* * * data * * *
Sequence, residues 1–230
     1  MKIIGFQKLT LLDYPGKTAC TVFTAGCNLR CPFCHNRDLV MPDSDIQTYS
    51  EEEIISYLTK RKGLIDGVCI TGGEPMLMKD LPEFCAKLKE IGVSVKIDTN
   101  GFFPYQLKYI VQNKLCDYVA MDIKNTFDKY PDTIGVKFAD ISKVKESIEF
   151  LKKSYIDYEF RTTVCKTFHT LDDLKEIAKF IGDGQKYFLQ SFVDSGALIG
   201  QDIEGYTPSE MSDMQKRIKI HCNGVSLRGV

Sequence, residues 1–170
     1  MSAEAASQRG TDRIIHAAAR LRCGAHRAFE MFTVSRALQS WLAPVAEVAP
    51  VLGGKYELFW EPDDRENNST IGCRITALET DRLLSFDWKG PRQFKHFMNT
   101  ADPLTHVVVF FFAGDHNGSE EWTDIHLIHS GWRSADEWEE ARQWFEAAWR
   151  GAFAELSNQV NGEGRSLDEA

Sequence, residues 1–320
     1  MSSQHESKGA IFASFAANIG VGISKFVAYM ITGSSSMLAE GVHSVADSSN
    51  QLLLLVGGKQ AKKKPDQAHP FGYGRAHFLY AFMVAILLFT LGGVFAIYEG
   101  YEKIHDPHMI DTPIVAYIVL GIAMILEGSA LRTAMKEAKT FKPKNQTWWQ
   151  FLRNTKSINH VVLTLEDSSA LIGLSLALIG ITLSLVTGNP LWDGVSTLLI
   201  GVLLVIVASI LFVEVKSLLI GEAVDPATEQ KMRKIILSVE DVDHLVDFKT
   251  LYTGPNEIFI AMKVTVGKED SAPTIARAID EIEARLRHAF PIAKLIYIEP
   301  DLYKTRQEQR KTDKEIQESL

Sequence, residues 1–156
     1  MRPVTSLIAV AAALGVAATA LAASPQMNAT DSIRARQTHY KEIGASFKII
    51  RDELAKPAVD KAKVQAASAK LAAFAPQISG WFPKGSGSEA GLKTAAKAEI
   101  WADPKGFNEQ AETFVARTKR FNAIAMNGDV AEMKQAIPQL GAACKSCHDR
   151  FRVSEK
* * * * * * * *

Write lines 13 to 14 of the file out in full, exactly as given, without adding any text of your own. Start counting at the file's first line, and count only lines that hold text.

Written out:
     1  MSSQHESKGA IFASFAANIG VGISKFVAYM ITGSSSMLAE GVHSVADSSN
    51  QLLLLVGGKQ AKKKPDQAHP FGYGRAHFLY AFMVAILLFT LGGVFAIYEG